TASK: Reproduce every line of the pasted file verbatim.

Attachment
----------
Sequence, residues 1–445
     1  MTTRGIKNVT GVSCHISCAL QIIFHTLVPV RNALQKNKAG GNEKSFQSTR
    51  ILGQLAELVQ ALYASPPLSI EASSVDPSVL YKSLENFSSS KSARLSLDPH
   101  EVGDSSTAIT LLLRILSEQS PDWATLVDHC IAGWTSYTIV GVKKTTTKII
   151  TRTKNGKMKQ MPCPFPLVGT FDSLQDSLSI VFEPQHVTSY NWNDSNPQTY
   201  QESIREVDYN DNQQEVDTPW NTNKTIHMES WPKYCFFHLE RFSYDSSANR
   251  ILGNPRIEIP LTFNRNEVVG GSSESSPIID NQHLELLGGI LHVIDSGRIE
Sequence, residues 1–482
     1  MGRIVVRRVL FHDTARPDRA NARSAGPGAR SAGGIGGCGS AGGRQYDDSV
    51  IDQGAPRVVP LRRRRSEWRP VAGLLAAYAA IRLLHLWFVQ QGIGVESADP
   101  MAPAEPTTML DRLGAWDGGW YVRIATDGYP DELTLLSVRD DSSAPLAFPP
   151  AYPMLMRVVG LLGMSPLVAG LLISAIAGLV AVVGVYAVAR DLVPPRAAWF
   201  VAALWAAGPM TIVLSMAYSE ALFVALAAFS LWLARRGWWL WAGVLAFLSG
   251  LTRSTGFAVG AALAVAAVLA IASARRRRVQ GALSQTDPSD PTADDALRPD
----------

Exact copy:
Sequence, residues 1–445
     1  MTTRGIKNVT GVSCHISCAL QIIFHTLVPV RNALQKNKAG GNEKSFQSTR
    51  ILGQLAELVQ ALYASPPLSI EASSVDPSVL YKSLENFSSS KSARLSLDPH
   101  EVGDSSTAIT LLLRILSEQS PDWATLVDHC IAGWTSYTIV GVKKTTTKII
   151  TRTKNGKMKQ MPCPFPLVGT FDSLQDSLSI VFEPQHVTSY NWNDSNPQTY
   201  QESIREVDYN DNQQEVDTPW NTNKTIHMES WPKYCFFHLE RFSYDSSANR
   251  ILGNPRIEIP LTFNRNEVVG GSSESSPIID NQHLELLGGI LHVIDSGRIE
Sequence, residues 1–482
     1  MGRIVVRRVL FHDTARPDRA NARSAGPGAR SAGGIGGCGS AGGRQYDDSV
    51  IDQGAPRVVP LRRRRSEWRP VAGLLAAYAA IRLLHLWFVQ QGIGVESADP
   101  MAPAEPTTML DRLGAWDGGW YVRIATDGYP DELTLLSVRD DSSAPLAFPP
   151  AYPMLMRVVG LLGMSPLVAG LLISAIAGLV AVVGVYAVAR DLVPPRAAWF
   201  VAALWAAGPM TIVLSMAYSE ALFVALAAFS LWLARRGWWL WAGVLAFLSG
   251  LTRSTGFAVG AALAVAAVLA IASARRRRVQ GALSQTDPSD PTADDALRPD